Loomio
April 13th, 2015 06:13

Keynote: Can open technology, society, and culture remove barriers to human sharing and create a thriving commons-based future?

Alanna Irving
Alanna Irving Public Seen by 459

We are posting a series of Loomio discussions about sessions and talks coming up at the conference, so participants can have a chance to discuss the topics, ask questions, and interact with the presenters.

Keynote: Can open technology, society, and culture remove barriers to human sharing and create a thriving commons-based future?

Libraries have long been seen as the gatekeepers to knowledge, can they truly live up to this promise when they use proprietary software, riddled with DRM provisions? If we free Libraries, can we flow this on into archives, galleries and museums? If we want an open society, our cultural institutions must be open too. What if the gate keepers opened their gates?

Christopher Cormack has a BSc in Computer Science and a BA in Mathematics and Māori Studies. While working for Katipo Communications he was the lead developer of the original version of Koha, which went live at Horowhenua Library Trust on January 5, 2000. Since then he has served various roles in the community: Release manager, QA manager and Translation manager. He is the elected release maintainer for 3.18. Christopher currently works for Catalyst IT in Wellington. Christopher believes in Free Software and allowing users the freedom to innovate.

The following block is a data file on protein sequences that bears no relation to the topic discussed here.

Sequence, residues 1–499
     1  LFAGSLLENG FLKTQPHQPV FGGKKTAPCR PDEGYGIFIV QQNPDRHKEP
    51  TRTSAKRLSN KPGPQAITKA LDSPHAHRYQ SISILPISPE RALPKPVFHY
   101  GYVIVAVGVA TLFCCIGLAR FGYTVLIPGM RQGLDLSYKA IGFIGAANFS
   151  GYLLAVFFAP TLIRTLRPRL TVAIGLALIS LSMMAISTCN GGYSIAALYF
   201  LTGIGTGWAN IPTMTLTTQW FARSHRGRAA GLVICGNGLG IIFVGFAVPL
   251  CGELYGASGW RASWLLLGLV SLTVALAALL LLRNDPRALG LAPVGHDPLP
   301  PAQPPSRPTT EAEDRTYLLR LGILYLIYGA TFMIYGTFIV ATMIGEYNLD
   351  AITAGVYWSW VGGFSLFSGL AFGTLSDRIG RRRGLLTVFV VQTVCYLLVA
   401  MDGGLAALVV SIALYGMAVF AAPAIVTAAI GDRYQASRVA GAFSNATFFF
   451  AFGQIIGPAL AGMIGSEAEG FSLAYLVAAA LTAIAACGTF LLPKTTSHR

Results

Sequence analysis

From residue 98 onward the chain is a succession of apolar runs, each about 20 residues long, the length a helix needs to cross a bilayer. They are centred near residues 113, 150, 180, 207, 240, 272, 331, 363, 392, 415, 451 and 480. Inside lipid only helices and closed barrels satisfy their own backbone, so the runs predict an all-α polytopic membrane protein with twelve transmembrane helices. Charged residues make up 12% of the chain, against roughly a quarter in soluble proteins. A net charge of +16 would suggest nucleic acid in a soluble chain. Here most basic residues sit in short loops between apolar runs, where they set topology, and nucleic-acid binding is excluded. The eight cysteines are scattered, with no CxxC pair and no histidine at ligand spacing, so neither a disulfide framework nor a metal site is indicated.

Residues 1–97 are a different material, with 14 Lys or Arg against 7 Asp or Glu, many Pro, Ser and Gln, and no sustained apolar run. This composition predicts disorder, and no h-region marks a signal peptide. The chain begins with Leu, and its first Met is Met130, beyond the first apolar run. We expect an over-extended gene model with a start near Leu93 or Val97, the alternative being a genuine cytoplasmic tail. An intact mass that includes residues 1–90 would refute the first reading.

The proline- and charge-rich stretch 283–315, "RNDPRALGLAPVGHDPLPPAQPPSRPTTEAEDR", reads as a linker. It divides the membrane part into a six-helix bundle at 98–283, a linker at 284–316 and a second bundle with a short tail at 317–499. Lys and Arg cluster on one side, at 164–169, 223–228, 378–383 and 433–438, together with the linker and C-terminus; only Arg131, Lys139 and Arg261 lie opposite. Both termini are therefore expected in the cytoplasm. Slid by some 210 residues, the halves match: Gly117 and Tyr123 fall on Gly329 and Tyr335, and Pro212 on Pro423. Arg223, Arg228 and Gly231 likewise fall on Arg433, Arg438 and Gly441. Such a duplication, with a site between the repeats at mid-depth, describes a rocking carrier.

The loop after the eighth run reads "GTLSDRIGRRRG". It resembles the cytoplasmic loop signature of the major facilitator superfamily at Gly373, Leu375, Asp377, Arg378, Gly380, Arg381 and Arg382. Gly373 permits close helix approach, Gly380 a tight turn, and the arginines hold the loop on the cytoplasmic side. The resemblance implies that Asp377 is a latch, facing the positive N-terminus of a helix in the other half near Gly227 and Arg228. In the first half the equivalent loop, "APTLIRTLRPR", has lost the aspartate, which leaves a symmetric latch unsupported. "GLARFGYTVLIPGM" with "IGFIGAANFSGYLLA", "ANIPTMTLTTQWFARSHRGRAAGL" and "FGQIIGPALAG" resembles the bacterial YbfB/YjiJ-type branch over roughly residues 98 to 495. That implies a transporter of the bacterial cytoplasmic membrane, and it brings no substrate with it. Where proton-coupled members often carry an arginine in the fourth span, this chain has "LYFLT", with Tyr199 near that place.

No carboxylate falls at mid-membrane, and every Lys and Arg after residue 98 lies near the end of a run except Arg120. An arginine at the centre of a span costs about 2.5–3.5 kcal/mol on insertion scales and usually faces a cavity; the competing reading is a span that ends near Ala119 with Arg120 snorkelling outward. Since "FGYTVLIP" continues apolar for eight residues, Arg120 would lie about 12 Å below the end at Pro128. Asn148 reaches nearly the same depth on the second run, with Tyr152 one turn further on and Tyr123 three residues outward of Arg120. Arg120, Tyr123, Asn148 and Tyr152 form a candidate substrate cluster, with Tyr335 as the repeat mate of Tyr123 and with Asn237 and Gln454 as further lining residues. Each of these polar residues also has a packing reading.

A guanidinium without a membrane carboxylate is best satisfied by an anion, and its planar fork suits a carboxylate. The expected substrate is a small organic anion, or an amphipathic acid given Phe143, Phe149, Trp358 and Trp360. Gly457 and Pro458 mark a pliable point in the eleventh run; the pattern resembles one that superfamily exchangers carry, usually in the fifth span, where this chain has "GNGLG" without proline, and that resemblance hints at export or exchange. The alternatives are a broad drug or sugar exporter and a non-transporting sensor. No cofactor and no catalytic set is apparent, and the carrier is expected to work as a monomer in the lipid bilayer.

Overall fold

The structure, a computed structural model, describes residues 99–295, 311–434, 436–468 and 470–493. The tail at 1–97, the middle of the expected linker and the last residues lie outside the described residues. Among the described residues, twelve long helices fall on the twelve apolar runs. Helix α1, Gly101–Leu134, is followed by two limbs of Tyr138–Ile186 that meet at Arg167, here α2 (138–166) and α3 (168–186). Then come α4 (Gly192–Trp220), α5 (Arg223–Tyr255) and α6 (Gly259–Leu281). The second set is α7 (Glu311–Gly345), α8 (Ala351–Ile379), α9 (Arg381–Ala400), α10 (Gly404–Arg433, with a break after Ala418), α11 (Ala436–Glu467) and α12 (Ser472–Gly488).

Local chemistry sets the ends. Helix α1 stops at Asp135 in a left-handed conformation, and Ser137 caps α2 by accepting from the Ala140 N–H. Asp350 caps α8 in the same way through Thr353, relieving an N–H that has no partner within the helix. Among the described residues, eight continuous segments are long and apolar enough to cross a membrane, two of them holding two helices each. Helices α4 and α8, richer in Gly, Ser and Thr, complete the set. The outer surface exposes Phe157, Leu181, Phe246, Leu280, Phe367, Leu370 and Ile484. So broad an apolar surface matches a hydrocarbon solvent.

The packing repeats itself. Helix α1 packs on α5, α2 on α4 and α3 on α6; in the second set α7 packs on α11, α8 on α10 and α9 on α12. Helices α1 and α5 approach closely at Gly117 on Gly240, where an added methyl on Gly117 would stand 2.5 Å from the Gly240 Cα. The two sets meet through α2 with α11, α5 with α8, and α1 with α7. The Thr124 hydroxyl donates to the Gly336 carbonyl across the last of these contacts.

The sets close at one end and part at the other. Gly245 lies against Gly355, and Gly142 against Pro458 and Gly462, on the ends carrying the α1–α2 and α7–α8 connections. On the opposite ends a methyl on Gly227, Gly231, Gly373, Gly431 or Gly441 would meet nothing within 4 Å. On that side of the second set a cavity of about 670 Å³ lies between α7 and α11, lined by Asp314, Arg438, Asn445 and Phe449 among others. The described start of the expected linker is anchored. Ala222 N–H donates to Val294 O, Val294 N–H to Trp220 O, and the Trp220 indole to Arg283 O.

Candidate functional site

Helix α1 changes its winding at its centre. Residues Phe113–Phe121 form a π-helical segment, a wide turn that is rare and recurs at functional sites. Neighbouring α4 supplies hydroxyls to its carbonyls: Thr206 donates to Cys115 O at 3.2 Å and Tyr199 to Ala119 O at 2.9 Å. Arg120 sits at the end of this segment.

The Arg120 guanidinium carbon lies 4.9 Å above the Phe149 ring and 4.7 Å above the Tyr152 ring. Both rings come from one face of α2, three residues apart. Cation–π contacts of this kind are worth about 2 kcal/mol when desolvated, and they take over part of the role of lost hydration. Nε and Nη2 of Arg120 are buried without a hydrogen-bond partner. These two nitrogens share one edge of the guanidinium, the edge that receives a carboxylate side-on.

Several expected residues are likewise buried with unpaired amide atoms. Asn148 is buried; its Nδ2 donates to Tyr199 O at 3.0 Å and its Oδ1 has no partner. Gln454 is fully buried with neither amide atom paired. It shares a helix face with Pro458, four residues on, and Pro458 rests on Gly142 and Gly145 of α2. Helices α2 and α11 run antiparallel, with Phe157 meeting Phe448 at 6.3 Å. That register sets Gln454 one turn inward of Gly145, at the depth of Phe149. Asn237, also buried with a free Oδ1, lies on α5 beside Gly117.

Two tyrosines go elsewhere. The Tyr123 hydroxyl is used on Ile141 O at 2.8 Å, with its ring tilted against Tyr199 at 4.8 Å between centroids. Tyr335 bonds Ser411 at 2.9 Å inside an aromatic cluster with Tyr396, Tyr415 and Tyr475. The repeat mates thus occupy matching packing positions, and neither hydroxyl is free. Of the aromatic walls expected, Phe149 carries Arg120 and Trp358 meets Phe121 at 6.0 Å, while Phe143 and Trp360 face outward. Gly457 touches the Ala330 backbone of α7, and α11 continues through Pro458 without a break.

Alanna Irving

Alanna Irving April 13th, 2015 06:13

Post any questions or comments for @chriscormack :)

Charles Hett

Charles Hett April 13th, 2015 23:44

I'm not sure libraries are the only starting point for knowledge, mostly they hold/share books. Historically knowledge resided in people and shared orally (so synchronous), since the advent of printing and literacy (only 600 years ago) institutions emerged that "credentialised" written material (this knowledge/thinking was now asynchronous; you needed institutions including libraries to help identify useful/valid knowledge.

Modern technology now potentially enables more/better synchronous communication and knowledge than at any time in the past. To me this is the challenge for us all - to help technology, our cultures & society provide a base for open, sharing of authentic knowledge.

Chris Cormack

Chris Cormack April 18th, 2015 21:27

As you will have noticed, I decided not to go the talking about the GLAM sector. Happy to take any feedback, right decision? wrong decision? Would you have liked to hear about something different?

DC

David Cohen April 18th, 2015 22:49

How is the authenticity of knowledge to be determined? There is a colossal amount of mis-/dys-/simply wrong information out there that is lobbying very hard for legitimacy.

How do we gate-keep information for simple validity if these very fast information flows are unedited, un-curated and not peer reviewed?